No one, in fact, just about everyone that I have spoken with about trying this entire writing thing out professionally had much more advice than “good luck” – in fact, I think the best advice I got was write what you feel and what you like, and if it is true, then someone will read it, someone will like it, and you will be able to know that – I actually started looking for a literary agent, and in the most scholarly way, I studied up on what they would ask me, and imagined myself, sitting in their book lined office that was brightly lit with modernistic lamps and chrome curved ceiling fixtures with the smell of sage and mint gently filling the space, answering questions about the curious but intelligent choice of words, and placing my style into a genre and giving my readers an object – I actually imagined the perfect meeting would be simple – here, take this advance – we need you go back to your bottle of scotch, and your word processor, and we want you to do more of this – this stuff that you do. I actually imagined myself sitting next to my computer in a dimly lit space with a full ashtray of cigarettes and empty red solo cups wreaking of cheap whiskey – and me, struggling to find the next words to the memoir they so gracefully paid me for – that is what I imagined when I sent those emails and made those phone calls – that there would be a market – that somewhere, in some airport, all of the stuff and new improved stuff would be packaged together, bound crisply, and be sitting proudly in a bright and cleverly printed cover. I actually pictured myself being ashamed that it was in print, feeling like it was not good enough, that there were flaws in the machine, and that I had to focus on producing a better vegetable, more leafy greens and sweeter carrots and crisper apples for the readers to devour – yes, that was what I thought about when I sent those requests –

Responses, on the other hand, are not there – they are not there, and those images, better yet, youthful delusions above, did not happen. The reality is that this prescription I put out there is for sale – but it is also my panacea, and I suspect, that although I may not be the most effective hand at painting the picture, that there is enough impression in these words for those who also are not so verbose to go into the description of an ice cube in such immaculate detail to describe it down to the way the light filters through it as they pour another amber scotch over it – I am a simpler artist than that – drawing stick figures and mountains in black and white, and with some hope, expecting it to have a value – intrinsic and real value. Value that is defined more by the ability and character of a man, not just one or the other – not just product, but something that hopefully captures a few minutes of those words that we all aspire to, and the actions that we all control and create.

That’s my experience in the world of professional writing. Not much to speak of, other than giving up a little bit – afraid of sending more letters, more emails, more phone calls, not just of the critique, but of the other hard work – you have to feel to write, you have to really want to edit what it is you put out there, you have to make your thoughts cohesive and concrete – but leave enough space between the words so that there is enough room for the space between your readers ears to bounce around those thoughts, and either be taken away to a better place that you started as stick figures, or to pull them in to your place, and encourage them to take things as simple as I do.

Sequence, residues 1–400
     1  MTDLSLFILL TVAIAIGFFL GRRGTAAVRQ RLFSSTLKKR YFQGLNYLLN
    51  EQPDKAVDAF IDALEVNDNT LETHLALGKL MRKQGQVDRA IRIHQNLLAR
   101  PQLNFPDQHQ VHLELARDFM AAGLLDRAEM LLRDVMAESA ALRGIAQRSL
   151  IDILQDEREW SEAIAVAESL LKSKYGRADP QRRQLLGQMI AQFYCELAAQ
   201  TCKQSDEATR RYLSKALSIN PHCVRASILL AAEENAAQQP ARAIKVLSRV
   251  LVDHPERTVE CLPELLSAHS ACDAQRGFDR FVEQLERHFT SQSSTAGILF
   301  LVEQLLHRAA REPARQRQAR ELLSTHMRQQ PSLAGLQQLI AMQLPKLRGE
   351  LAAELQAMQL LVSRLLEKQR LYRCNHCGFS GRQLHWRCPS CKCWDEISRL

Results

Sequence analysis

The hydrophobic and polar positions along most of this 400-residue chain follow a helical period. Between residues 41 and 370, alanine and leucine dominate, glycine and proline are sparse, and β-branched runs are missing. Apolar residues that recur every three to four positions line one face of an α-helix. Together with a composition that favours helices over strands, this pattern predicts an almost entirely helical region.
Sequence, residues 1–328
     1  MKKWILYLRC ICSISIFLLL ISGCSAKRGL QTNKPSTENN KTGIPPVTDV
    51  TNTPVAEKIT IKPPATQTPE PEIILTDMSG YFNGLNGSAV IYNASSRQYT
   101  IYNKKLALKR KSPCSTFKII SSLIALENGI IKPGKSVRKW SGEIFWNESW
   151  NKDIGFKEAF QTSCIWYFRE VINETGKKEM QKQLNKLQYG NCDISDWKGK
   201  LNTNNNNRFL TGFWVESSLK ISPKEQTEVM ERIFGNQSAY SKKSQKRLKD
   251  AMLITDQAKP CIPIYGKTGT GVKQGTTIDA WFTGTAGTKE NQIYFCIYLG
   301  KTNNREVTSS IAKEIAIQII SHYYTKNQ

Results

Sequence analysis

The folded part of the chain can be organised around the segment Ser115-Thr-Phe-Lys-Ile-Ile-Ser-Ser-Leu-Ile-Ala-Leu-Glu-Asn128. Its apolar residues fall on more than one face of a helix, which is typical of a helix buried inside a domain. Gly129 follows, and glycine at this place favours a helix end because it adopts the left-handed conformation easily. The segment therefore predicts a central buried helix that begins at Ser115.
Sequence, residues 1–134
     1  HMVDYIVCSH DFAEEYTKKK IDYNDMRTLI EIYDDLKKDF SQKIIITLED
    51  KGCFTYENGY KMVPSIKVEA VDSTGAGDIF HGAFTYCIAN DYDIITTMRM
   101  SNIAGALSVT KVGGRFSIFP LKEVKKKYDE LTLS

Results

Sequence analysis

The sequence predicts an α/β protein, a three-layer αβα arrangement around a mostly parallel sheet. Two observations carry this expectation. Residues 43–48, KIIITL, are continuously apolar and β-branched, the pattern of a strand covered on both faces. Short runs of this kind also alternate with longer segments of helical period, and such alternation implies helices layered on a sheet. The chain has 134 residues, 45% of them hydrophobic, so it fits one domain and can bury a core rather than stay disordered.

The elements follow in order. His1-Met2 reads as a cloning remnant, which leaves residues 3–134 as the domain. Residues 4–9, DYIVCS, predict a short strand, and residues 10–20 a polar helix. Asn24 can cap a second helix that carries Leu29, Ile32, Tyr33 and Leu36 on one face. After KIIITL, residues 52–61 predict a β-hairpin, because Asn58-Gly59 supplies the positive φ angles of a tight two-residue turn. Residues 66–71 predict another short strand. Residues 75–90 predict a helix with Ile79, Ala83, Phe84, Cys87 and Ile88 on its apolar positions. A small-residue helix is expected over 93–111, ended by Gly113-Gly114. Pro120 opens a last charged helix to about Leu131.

Some pretty general entries these past couple of days, but remember, three nights down, fourteen to go, and progress, whether we choose it or not, is being made…


Blue Leather Seats and Somewhere over the Mountains…

The latest trend in things is to change them – change them faster than you can adapt to them, faster than you can actually keep up with them, faster than any human could hope to aspire to be a force that is proactive to embracing them - that’s what we like, change – things tend to get a standard flavor of peanut butter and jelly day in and day out unless we repackage it and label it something different. I don’t know why we are taught or are innately susceptible to enjoy changes – even slight ones – why we are constantly seeking some sense of newness that aspires us to a different greatness.

Think about it for a while – just ponder what changes we want to see – we want seasons, we want buffets of different food, we want new authors with new slants – reading or studying or simply being in the same place makes most of us stagnant and tired – I actually tried, just for a half an hour, to focus on one simple thing – I tried to focus on the positive aspects of work – not just my job, or your job, or better jobs, but the work that we all do as a general sense of the term. Granted, there are less desirable jobs than others, there are better paying jobs than others, there are jobs with different perks and pleasures – but the bottom line is that we, as a nation and a people that builds itself on its work – all focus on the things that we must do – not on the thing that it is we would do without the work – we all get tired, we all have families and friends, we all have our work – and aside from my sincere attempt below to spend half an hour contemplating life without meaningful work – and my mind wandered off to the newest iPOD downloads or the bands playing at next month’s concert – it wanted to change – because it had been trained to accept all change as stimulus and good…enough philosophy, now just plain writing about work.